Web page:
ing, the Ligonier Plant has  recycled approximately 80 tons of razor blades as scrap
steel since its razor blade recycling program began in 1998. The Ligonier
Plant sold more than 140 tons of polyvinyl butyral (PVB) used in the lami-
nating department and recycled more than 70  tons of scrap polyvinyl
chloride (PVC).

Understanding that waste reduction can equal big savings, the Ligonier
Plant became a WasteWise Endorser in 2003, and spread the WasteWise
message to other Guardian  plants. Including the Ligonier Plant, 10 out of
37 Guardian facilities in the United States  now proudly call themselves
WasteWise partners.

                        the   Year
The Partner of the Year and Endorser of the Year Awards recognize the organization in each category
with the best overall waste reduction achievements for the year.

Endorser  of the  Year

An endorser since 2001, the City of Clifton works diligently to spread the Waste Wise message, promot-
ing it by using the Waste Wise logo on letterhead and stationary, in television and newspaper advertise-
ments, and on city billboards.  Clifton also distributed more than 200 partnership registrations in 2005
during speaking engagements at schools, businesses, civic groups, health forums, and government meetings
throughout the community. Clifton is also walking the talk. In 2005, the city avoided more than $1.7 million in
disposal costs through its recycling and waste prevention efforts.
Partner  of the Year
Since becoming a Waste Wise member in 1997, Eastern Illinois University (EIU) has successfully imple-
mented its comprehensive waste reduction program. In  2005, with the voluntary efforts of more than
13,500 students, faculty, and staff, EIU diverted nearly 50 percent of its waste through recycling efforts,
boosting its waste reduction and recycling cost savings to $140,000. EIU supports the university community through
the reuse of furniture and office supplies. It also has a creative reuse program with its township—the school donated
615 tons of boiler ash to road supervisors in 2005 to provide better traction on snow- and ice-covered roads.
                                                                                      POSTAL SERViCE
The U.S. Postal Service Alabama District started its recycling program in 1997, two years before becoming a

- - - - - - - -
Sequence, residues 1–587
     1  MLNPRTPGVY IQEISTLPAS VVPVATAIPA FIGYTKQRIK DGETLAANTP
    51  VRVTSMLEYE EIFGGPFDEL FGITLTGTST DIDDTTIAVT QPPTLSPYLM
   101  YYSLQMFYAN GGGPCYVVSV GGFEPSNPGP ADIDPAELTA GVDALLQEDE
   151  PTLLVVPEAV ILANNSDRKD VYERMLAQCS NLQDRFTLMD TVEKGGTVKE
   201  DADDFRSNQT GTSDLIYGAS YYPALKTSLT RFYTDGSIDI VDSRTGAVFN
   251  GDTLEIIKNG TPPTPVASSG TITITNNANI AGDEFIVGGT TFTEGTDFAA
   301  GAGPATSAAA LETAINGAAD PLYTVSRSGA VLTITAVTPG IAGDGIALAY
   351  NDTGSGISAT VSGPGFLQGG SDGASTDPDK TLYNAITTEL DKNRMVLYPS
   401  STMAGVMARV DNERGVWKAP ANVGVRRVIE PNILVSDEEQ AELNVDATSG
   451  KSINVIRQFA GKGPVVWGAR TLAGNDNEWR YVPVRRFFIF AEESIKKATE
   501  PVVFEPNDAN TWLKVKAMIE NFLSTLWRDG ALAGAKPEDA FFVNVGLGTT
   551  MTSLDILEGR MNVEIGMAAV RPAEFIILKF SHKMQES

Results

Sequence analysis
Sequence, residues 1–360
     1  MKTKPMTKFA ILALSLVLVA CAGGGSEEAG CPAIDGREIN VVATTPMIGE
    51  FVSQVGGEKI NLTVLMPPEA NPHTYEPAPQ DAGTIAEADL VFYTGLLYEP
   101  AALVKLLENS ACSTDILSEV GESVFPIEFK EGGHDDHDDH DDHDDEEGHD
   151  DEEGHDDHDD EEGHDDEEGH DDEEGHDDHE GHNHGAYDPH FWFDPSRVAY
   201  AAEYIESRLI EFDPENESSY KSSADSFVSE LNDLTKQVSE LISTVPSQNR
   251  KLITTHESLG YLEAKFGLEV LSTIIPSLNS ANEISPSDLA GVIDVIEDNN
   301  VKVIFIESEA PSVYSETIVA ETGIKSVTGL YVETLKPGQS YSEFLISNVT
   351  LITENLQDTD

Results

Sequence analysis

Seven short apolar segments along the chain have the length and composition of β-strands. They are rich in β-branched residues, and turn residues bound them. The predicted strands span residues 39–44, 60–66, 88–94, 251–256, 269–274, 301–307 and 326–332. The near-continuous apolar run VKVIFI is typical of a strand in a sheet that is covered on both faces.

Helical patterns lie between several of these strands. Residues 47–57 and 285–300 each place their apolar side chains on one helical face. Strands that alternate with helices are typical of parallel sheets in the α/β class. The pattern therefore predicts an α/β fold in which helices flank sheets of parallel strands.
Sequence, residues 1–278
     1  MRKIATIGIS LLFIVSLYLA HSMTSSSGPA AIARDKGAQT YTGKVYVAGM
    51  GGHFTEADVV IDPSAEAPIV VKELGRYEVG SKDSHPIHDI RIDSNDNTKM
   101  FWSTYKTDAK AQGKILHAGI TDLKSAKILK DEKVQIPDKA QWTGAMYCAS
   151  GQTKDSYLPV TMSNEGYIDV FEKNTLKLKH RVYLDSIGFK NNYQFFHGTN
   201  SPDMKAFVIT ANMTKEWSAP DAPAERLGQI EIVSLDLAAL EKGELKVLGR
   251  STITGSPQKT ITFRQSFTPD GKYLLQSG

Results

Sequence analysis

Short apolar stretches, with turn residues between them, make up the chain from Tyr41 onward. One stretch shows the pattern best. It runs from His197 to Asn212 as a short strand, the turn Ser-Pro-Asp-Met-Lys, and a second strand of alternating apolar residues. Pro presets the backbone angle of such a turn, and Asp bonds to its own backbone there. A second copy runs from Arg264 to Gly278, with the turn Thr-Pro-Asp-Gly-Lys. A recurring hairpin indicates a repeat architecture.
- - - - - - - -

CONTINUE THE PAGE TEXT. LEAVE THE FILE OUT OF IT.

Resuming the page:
Waste Wise partner. Once a partner, the Alabama District developed The Paperless Society. Encouraging electron-
ic communications, the Alabama District saved approximately 70 tons of high-grade paper in 2005. The Alabama
District relies on input from its employees and created an Online Swap Shop after a postmaster noticed excess
materials in its facilities such as forms, office supplies, and furniture. In 2005, this effort saved the Alabama

District more than $40,000 on supply purchases. More than 7,600 employees contributed to diverting almost
5,500 tons during this time through the Alabama District's waste prevention and recycling efforts.
                      ESS: AMGEN,  INC.
A Waste Wise partner since 1994, Amgen has maintained and expanded its waste reduction
program. The growing company has overcome many obstacles with its program, including 300 percent staff
growth in 12 years. In 2005, Amgen internally reallocated and reused more than $1.7 million of lab equip-
ment and donated unwanted lab equipment to local schools and nonprofits. Amgen also donated nearly 13
tons of computer equipment to the Ventura County School District. In addition, the company donated
approximately 19 tons of leftover food to a local food bank. Amgen also demolished a lab, recycling more
than 90 percent of the materials, including concrete, asphalt, metal, and wood.

For six consecutive years, Kitsap County has won a Waste Wise award. The county attributes
much of its success to finding innovative ways to improve its waste reduction program. In
2005, Kitsap County piloted a junk mail and fax waste reduction program in its Public Works
Department, eliminating more than 1,200 pieces of junk mail and 1,000 junk faxes. It plans to expand this
program to all of its departments in 2006. Kitsap County's waste reduction efforts saved the county more than
$700,000 in avoided disposal costs in 2005. It also has a strong employee education program that includes
posters, electronic newsletters, departmental coordinator workshops, and 30-minute training sessions to
inform its staff on how to maximize their participation in the waste reduction program.

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                          SMALL BUSINESS: THE SEYDEL COMPANIES
                          The Seydel Companies, a textile chemical manufacturer and marketer, has incorporated
                          Waste Wise into its manufacturing activities. In 2005, Seydel increased the amount of recycled-
                          content materials in its products to 30 percent, while increasing the volume of recycled raw
                          PET purchased for manufacturing by 60 percent. Seydel incorporates a glycol distillate, previ-
                          ously sent to other companies for reuse, into a new product sold by the company. Seydel also refined nearly 3,900
                          tons of fats and oils into usable finished products.  In 2005, Seydel's waste reduction measures generated more
                          than $518,000 in revenue.

                          STATE GOVERNMENT: TDEC/OEA STATE  EMPLOYEE   l^taaDoMTMWT OP
                          RECYCLING  PROGRAM  "SERP"
                          A winner of the Waste Wise Partner of the Year Award the past four years, the
                          Tennessee Department of Environment and Conservation (TDEC) Office of Environmental Assistance
                          (OEA) State Employee Recycling Program (SERP) continues to expand its waste prevention and recycling